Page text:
The novel drives itself with this near-pulsating momentum. It rushes forward like water, or nature itself. I want to know what drove you toward writing the book, and how it came to fruition. Blah blah blah, you know – what was the process like? I hate that word sometimes. But also – who were you reading while you wrote this? Who do you love?

When I wrote West Virginia, I was in the worst depression of my life. The book was a way for me to deal with those feelings, one of which was the feeling of being homesick for a place that doesn’t even exist. I finished the book and it was haunting, possibly cleansing; certainly a breakthrough. But I had no process. I can barely put a sentence together. I would just get up in the morning, go to my day job, open up Word, start writing. At night, I would come home, open up Word, and keep writing.

At the time, I was reading Charles Bukowski, Yuri Herrera, Scott McClanahan, Tao Lin, Mercè Rodoreda, Haruki Murakami, among others. Colorless Tsukuru Tazaki and His Years of Pilgrimage came out around the time I started writing West Virginia and I like to think of it as West Virginia’s spiritual sister or something.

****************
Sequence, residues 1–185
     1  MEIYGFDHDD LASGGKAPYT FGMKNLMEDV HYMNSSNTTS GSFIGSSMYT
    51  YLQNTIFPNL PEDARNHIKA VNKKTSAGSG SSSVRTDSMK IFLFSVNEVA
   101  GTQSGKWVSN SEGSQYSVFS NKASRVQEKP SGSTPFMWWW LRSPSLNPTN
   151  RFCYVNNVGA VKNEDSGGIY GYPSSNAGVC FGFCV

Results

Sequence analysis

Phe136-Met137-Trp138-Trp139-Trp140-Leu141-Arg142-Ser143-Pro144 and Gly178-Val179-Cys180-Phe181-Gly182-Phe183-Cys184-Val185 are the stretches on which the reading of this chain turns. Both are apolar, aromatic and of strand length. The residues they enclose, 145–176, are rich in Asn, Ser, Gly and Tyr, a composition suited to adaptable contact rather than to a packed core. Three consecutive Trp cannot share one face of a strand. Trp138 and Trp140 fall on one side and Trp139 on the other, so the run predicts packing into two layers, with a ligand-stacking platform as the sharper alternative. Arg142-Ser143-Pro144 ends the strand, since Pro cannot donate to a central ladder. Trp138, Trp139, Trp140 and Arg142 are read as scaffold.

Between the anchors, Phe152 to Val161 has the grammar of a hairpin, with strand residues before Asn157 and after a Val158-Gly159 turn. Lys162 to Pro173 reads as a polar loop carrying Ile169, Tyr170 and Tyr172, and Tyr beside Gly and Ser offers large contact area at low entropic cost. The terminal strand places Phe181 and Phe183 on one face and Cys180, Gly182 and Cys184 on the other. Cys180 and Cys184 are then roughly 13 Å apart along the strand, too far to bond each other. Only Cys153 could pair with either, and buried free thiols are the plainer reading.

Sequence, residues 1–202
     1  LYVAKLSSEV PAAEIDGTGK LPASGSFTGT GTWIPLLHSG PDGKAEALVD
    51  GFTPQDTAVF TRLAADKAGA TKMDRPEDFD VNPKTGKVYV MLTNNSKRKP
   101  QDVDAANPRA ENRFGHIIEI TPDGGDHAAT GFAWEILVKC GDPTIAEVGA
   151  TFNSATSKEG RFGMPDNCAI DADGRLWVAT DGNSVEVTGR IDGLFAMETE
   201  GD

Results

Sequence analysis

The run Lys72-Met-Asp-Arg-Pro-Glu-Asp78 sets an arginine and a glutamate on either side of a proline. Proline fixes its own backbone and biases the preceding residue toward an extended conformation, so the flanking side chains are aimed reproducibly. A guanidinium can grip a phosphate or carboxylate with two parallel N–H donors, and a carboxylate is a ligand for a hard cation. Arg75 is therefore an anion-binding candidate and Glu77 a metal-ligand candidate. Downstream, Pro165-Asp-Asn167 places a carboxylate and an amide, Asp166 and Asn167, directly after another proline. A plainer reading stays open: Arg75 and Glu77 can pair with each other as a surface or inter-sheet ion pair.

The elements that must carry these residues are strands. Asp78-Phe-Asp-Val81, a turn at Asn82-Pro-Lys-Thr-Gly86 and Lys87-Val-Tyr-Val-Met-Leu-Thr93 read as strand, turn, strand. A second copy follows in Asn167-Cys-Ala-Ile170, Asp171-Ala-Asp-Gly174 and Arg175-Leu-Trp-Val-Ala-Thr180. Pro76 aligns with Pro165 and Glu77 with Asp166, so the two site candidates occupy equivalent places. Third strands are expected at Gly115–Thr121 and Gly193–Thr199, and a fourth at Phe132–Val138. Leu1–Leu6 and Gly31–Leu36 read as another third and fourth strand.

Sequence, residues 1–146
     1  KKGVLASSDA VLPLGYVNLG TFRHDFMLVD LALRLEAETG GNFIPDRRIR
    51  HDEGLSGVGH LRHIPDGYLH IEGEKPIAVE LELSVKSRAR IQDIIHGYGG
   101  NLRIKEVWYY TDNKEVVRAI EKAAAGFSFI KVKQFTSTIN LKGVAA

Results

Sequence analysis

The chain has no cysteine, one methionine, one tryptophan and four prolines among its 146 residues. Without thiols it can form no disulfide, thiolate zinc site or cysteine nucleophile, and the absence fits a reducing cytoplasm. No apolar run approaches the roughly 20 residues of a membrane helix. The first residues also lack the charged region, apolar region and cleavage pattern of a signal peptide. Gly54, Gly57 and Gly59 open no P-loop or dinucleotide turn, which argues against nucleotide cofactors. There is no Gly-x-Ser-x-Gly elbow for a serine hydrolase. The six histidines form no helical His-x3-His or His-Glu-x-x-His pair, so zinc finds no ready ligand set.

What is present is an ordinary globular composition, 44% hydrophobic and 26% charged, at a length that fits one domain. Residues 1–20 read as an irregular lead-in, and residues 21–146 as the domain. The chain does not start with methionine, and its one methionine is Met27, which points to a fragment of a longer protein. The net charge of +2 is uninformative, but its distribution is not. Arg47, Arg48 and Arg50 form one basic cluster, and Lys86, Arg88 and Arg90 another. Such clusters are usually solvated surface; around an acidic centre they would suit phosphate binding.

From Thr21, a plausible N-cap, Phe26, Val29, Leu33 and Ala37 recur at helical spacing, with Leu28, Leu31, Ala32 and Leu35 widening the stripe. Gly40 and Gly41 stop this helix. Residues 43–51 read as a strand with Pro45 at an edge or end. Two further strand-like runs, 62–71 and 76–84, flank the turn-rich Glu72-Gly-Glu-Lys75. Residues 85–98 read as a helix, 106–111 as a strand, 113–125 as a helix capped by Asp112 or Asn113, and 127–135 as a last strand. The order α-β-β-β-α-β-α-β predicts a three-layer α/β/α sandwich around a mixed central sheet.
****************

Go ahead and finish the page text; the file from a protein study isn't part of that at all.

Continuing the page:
Also, every time I finish a book or a story or whatever, he’s like a familiar: I always go back to Breece Pancake. I can always find something new in his stories. I read him when my faith is breaking, actually. And then I go to the next project, whatever that is. He’s like a familiar.